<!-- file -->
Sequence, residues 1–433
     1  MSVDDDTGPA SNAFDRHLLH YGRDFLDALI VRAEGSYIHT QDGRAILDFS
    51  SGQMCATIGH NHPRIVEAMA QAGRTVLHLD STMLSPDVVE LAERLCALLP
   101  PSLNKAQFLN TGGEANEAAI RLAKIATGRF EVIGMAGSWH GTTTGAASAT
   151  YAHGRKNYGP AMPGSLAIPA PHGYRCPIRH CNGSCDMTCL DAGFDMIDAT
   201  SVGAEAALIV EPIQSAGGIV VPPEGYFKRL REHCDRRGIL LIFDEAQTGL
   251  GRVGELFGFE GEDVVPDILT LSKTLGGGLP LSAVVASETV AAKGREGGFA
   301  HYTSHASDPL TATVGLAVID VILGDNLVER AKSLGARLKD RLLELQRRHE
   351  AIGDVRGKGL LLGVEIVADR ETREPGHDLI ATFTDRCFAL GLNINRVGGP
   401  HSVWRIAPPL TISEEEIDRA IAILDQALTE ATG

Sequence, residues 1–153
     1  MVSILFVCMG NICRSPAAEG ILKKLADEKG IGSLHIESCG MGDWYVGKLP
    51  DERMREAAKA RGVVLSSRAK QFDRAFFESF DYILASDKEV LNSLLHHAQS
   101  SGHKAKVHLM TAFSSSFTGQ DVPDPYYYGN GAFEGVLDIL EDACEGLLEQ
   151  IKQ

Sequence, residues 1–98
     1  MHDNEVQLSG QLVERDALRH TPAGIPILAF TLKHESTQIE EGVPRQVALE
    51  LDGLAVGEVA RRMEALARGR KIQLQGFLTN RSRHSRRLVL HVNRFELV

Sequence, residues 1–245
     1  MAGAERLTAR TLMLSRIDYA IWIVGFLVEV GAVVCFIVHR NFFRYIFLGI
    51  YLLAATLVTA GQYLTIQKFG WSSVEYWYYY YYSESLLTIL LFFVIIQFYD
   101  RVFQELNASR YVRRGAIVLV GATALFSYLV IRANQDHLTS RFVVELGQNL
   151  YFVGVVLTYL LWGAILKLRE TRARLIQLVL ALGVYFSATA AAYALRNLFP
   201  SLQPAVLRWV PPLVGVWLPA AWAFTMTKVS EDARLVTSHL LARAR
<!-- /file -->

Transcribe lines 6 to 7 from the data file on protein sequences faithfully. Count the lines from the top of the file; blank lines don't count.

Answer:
   201  SVGAEAALIV EPIQSAGGIV VPPEGYFKRL REHCDRRGIL LIFDEAQTGL
   251  GRVGELFGFE GEDVVPDILT LSKTLGGGLP LSAVVASETV AAKGREGGFA